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From the Old School

It Won't Be Tough Figuring Out the Look the Kids Are Crazy for This Year--Some of Us Had the Same Stuff About 20 Years Ago


Face it. There's nothing adults can do to keep that little yellow smiley face out of our lives.

This year, back-to-school shopping means running into the unmistakable icon around kids' necks, on girls' fingers, on T-shirts, purses, pencils, book binders, lunch boxes.

"At first I groaned," Cathy Amalfitano, district manager for Limited Too, a countrywide hip kiddie and preteen clothing chain, said of the smiley visage. "But there is absolutely nothing we can do to keep these things in. The kids just are in love with them."

There doesn't seem to be a scientific explanation for this resurgence. As one laconic 10-year-old girl remarked: "Why not?" Kids apparently don't care if things are original, "just cute."

A happy face T-shirt runs about $12 to $18; happy face rings (especially popular with the younger girls, ages 4 to 9), about $8; purses, $12 to $24; oversized, chunky pencils, $4; watches, $18 to $34; dog tags, $12; earrings, $10; denim patches, $4; lunch boxes, $12. Look for these goodies at smaller boutiques, such as Afterthoughts and Carimar for girls, and department stores.

Also unscientific but helpful for '96 school shopping is studying an episode of Rowan and Martin's "Laugh-In" or "The Brady Bunch" (back again in the cinema). The fact is, the late '60s and '70s--at least for girls--are back with a vengeance. Flower power, psychedelic prints, velvet tops and hats, hip-huggers, peace signs and, believe it or not, love beads--but in '90s style, made brightly and glow-in-the-dark--are being recycled in kids' closets.

A simple rule of thumb: If it ever left, it's all back.

Look for retro shoes, say shoe buyers. Kids are in platforms and patent leather, clunky clogs and Mary Janes for girls, Etney tennies and Oxford tie-ups for the guys. And remember Frye boots? They're back.

As in the '70s, the coolest material now is polyester, because, for kids, it's totally new. In their lifetime, today's children have not experienced wash-and-wear, uncrinkable fabrics.

With lunch boxes, forget un-chic plastic: Tin is making a comeback. The most popular sets (if you can still find them) are--you guessed it--based on '60s and '70s TV shows, i.e. "The Partridge Family." If not, boys (little ones) will be just as satisfied by a Goosebumps lunch box, based on the popular R.L. Stine series.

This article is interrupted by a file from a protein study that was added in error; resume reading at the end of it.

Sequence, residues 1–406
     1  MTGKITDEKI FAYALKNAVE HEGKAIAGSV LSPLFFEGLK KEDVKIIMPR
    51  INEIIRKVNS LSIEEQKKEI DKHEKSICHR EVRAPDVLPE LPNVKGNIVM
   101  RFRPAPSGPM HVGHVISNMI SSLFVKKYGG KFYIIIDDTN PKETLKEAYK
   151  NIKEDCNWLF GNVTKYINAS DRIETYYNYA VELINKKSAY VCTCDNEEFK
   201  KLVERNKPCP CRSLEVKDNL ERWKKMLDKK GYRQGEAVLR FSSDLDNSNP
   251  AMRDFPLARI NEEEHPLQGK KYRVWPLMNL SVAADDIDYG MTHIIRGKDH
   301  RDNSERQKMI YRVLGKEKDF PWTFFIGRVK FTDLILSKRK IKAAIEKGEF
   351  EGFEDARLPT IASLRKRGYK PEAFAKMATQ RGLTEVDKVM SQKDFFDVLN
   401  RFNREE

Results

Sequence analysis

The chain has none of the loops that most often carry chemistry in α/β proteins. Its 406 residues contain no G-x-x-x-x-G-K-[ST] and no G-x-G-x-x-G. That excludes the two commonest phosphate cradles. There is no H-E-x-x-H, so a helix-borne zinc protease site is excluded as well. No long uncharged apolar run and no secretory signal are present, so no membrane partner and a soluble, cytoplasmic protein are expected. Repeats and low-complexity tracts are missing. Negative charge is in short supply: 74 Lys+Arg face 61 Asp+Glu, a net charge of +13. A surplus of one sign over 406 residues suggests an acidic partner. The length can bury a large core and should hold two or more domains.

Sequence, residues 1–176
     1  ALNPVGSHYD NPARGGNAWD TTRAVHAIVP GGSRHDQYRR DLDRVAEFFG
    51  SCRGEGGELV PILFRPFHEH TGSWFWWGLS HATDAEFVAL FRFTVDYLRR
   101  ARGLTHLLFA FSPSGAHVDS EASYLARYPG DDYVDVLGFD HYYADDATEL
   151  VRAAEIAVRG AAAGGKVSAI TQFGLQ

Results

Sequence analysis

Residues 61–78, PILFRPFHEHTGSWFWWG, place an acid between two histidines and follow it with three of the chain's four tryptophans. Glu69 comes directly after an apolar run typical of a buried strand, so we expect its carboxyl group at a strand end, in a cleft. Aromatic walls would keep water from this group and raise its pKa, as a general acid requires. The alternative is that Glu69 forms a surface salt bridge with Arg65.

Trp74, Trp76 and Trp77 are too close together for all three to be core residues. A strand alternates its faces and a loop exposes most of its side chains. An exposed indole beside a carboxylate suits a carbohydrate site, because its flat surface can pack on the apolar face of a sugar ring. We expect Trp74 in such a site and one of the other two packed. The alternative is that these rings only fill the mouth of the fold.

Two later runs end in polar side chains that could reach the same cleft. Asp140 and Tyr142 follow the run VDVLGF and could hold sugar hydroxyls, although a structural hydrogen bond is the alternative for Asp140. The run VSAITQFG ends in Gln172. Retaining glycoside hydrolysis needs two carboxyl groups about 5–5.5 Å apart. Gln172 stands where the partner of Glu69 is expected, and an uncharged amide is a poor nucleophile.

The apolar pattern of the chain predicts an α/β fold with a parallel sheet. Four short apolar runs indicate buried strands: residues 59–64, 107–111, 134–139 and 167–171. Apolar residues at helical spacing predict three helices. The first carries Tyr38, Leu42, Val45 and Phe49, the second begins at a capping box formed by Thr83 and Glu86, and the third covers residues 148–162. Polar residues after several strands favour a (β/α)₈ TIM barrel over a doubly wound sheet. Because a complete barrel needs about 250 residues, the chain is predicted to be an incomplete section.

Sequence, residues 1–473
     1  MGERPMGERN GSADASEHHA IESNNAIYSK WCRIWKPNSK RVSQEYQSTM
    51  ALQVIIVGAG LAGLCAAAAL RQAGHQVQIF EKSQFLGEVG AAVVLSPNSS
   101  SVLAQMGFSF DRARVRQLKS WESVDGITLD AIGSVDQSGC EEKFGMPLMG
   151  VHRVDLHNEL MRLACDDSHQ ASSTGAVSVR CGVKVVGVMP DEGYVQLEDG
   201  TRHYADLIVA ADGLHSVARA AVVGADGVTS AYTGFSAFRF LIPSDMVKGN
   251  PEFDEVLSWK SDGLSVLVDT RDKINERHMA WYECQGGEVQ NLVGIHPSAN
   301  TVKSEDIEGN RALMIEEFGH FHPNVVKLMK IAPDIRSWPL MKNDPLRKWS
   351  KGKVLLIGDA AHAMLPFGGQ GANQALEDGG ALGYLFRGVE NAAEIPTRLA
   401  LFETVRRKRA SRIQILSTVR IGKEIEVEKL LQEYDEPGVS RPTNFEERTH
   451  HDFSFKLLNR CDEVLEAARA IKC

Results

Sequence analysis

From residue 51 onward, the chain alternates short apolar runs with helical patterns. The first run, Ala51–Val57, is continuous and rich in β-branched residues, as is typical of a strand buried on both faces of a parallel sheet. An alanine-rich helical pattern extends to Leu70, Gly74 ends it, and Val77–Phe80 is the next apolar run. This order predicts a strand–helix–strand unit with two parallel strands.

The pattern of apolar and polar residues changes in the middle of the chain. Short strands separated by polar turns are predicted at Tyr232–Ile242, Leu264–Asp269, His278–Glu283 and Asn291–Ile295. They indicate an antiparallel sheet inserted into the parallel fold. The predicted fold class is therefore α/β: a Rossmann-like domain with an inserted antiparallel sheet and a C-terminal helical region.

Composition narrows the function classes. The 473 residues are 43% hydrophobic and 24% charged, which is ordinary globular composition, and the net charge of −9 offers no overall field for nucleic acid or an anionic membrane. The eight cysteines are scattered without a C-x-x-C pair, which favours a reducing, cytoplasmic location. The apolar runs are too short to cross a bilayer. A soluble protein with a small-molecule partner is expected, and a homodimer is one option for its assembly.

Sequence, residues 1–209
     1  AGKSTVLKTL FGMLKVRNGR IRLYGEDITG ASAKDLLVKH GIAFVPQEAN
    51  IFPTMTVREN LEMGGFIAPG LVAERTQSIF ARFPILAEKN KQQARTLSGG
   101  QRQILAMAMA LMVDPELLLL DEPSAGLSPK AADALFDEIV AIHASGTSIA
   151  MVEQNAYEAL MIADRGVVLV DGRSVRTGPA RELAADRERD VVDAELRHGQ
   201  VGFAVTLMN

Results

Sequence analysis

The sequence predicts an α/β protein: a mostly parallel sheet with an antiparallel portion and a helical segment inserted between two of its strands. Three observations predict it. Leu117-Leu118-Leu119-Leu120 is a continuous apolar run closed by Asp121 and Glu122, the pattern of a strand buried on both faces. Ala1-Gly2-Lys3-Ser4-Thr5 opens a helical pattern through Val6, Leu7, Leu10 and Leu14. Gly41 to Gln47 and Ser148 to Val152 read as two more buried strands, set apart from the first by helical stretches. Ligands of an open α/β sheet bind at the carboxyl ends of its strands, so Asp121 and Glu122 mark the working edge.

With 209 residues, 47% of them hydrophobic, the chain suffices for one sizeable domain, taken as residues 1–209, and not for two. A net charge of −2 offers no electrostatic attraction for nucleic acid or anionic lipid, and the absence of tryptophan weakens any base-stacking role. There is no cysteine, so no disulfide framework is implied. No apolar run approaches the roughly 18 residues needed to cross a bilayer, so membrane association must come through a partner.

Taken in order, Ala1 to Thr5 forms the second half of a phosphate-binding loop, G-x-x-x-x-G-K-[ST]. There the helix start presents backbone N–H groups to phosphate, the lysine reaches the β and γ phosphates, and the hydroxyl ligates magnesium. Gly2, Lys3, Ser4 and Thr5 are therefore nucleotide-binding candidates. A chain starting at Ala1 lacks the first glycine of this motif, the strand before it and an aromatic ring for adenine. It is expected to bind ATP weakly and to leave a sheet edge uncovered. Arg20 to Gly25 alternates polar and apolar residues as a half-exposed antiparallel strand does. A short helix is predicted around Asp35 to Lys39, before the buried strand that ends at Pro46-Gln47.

Loud, colorful, late '60s paraphernalia is what the new jewelry is about. Try some gum ball rings (unisex), flowers (girls), or peace signs (girls) or peace patches (boys). Crosses are also popular, especially as necklaces for teenage guys. Both genders like the new metal dog tags; some kids even take them to pet shops to have their names scrolled on.

Nail polish is a cottage industry unto itself. According to department store cosmetic salespeople, Hard Candy ($12 a bottle with matching gum ball ring) started the craze on "Beverly Hills, 90210." Don't be shocked to see your little ones with lavender, metallic gold, bright blue or glow-in-the-dark white nails.

"The light shades are most popular now," advises a group of four preteens in Beverly Hill's Saks Fifth Avenue. "White, powder blue, magenta, hot pink." Apparently they've yet to figure out how much cheaper it would be if each friend bought one color and everyone shared. "But whenever you go over to a girlfriend's house, you always try on her nail polish, for sure. But you have to have your own colors," said one.

Usually unshockable parents are still shocked at the price of kids' sunglasses. Most are unisex, but kids aren't about to share these toys. In for the guys, said Mike Dill, manager of the Southland chain Becker Surf & Sport: almost anything from Oakley, $90 to $130 (even a pair for $230) or Arnette's, $50 to $100. For the girls: Fly Girls ($45 to $100), the wrap-around glasses first seen on U2's Bono and his Zoo TV tour character, the Fly.

For the not-so-moneyed child: all the above glasses sport dozens of knockoffs. Thus, no child dare look eye-wear uncool. They can be found at stores like Target and the Gap.

Of course, schoolwork has its place as well. Hip for education-minded kids means covering books in Hotcovers: neon, clear, shiny, patterned and / or psychedelic vinyl (removable and self-adhesive) that protects those expensive school books. Staples carries a full selection.

What to write in? The old, standard composition books remain but are updated in thick, chunky and mod-lettering styles. Book binders are drenched in flower power, psychedelia, and such '60s and '70s icons as Jimi Hendrix, Jerry Garcia and David Cassidy. The Tasmanian Devil and good old Bugs Bunny are still popular. Pastel-colored calculators will be found in many backpacks.

"Duke Nukem 3-D" is the hottest-selling entertainment computer game, according to Software Etc., a computer software chain with 713 stores nationwide. Their tally shows the doom-type shooter game by Formgen has taken the market by storm. For studious computer students, popular titles are Mavis-Becon Teaches Typing by Mindscape; Mathematics Box Set by Sofsource (math programs ages 6 to 12) and Freddy Fish by Humoungous (for little ones).

For kids this year, nostalgia rules. After all, if John Travolta can resurge, why not polyester?

More back-to-school coverage:

* WEDNESDAY: Transporting kids to school safely

* THURSDAY: Dark denim crosses clique lines on campus

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